This summer, I found the answer to a question I’ve been asking myself since I began my freshman year at Boston College: Why is my ability to eat so messed up? The issues that I brushed off as symptoms of adjusting to a new setting and food options turned out to be a larger problem—I have celiac disease. And my diagnosis turned my life upside down. How was I supposed to cut out pasta, bread, pizza, baked goods, and so many of my other favorite gluten-based dishes? After pondering solutions at home over the summer, one main question loomed. How in the world was I going to navigate this when I returned to campus?
In my time at BC before my diagnosis, I discovered my tried and true staples in the dining halls—a deli sandwich from Eagles Nest, a slice of pizza from Mac, and pasta dishes with breaded chicken. This year, none of these are an option for me.
While I was upset to miss out on my favorite BC meals, my main concern was nutritional value. As someone who also experiences low iron, receiving the proper amount of protein is incredibly important to me. So, as I’m experimenting to find the best strategy, here are my suggestions for navigating campus with a dietary restriction.
Add Protein Into Dishes
Oftentimes, I add protein sources to meals lacking in sustenance. At Lower, the Rat, or Mac, I always make sure to put chicken, eggs, chickpeas, or beans into my salads or other dishes. It’s important to receive protein in each and every meal. While the salad bar is often the easiest option for those with dietary restrictions, having salads for multiple meals a day is not sufficient for the nutrition our bodies need to stay happy and healthy. Don’t get me wrong—I love my salads as much as the next person. But for those with dietary restrictions, it’s important to consider how we’re eating and if we are keeping our bodies satisfied.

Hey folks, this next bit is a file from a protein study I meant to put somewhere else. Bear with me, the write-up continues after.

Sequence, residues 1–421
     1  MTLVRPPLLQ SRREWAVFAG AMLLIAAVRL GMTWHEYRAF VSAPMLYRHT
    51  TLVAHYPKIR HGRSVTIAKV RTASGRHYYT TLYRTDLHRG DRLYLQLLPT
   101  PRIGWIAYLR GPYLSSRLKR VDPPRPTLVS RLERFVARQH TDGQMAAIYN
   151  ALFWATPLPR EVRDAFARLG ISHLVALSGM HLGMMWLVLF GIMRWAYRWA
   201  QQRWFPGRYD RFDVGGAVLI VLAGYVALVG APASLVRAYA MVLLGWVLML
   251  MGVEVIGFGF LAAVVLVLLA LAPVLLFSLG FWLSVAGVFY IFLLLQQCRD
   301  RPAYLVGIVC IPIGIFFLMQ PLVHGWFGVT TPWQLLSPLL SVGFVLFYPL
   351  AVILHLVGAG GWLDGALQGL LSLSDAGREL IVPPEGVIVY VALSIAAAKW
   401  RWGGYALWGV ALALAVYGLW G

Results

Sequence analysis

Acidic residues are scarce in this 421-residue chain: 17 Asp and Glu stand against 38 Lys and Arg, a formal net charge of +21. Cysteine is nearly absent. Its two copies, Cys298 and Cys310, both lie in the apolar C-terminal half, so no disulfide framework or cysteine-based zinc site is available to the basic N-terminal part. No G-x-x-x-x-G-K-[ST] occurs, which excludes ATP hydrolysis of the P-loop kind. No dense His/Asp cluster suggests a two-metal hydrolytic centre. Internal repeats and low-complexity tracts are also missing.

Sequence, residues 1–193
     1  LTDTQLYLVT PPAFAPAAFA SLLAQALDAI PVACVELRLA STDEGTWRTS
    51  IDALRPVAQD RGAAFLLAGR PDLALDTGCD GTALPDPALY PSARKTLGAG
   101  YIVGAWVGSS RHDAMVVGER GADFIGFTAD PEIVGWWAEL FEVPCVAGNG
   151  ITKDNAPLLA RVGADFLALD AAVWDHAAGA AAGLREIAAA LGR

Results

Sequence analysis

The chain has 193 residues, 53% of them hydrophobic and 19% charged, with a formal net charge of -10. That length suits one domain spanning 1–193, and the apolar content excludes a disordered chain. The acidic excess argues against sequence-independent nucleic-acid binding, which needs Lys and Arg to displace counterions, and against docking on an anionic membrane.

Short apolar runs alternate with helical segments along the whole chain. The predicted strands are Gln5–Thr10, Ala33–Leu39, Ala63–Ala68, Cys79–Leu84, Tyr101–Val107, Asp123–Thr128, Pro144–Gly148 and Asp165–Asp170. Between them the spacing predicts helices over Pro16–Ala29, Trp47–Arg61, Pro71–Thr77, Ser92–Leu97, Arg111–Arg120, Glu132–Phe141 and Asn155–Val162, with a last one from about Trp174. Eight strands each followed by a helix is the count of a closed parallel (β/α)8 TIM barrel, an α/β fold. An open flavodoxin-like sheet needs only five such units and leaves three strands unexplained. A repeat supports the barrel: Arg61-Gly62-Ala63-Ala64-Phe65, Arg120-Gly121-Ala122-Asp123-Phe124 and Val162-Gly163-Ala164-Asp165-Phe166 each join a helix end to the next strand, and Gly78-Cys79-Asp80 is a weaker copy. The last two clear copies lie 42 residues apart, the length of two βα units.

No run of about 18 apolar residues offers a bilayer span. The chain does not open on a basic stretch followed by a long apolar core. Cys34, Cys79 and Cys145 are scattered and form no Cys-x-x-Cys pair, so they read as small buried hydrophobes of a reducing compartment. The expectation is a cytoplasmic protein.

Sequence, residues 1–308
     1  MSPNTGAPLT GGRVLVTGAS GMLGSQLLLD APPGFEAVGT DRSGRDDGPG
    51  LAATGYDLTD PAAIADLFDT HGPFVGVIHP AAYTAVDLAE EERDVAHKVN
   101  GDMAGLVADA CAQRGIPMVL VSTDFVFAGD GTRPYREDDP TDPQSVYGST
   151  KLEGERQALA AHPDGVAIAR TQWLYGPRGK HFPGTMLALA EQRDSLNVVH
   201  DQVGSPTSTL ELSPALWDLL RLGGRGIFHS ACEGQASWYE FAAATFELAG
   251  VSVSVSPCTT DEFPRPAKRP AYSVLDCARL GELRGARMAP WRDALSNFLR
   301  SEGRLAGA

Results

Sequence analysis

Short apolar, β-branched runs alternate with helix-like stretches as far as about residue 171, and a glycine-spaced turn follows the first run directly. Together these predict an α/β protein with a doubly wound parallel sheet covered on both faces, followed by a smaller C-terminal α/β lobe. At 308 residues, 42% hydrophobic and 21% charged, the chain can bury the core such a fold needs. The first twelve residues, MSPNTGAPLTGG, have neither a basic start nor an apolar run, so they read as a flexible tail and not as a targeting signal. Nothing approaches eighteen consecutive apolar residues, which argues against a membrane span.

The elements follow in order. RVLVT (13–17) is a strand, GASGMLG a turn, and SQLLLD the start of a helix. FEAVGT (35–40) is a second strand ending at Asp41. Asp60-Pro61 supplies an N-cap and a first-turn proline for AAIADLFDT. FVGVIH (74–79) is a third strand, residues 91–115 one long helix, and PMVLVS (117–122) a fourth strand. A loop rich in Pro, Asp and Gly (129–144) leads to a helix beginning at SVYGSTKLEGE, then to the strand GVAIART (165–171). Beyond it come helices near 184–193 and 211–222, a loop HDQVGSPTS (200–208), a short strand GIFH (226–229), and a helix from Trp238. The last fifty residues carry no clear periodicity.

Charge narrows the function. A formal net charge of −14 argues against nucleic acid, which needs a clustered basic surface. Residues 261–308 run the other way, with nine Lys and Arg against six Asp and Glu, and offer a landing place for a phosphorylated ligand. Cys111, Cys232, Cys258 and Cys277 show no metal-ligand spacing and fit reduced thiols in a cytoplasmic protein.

Substitute, Substitute, Substitute!
Many meals at BC come with bread, tortilla, or another starch on the side, which is definitely not an option for me. Instead of just skipping the carbs altogether, I’ve been substituting rice for starch whenever possible to best recreate the original dish. For example, Lower had some delicious tortas for dinner the other night. Unfortunately for my celiac self, this was served on bread. So, I opted to have all of the original ingredients besides the torta, and I paired them with rice. While this wasn’t exactly accurate to the original dish, I could still incorporate carbs into my meal.
Reliable Microwaveable Meals
I recently discovered that the gluten-free fridges in Lower and the Rat have many microwaveable options. While these aren’t always the most practical or time-efficient, they’re a reliable option always available on campus. These fridges often contain mac and cheese, burritos, bowls, or other Amy’s Kitchen products. Thanks, Amy. While these dishes may take more time out of your day, they add some variety to your diet and serve as a dependable meal choice.
Navigating a drastic and immediate change to my everyday diet and life is difficult, just as being a student with dietary restrictions continues to be. But, I’ve come to learn that there are options, options that might work for you too!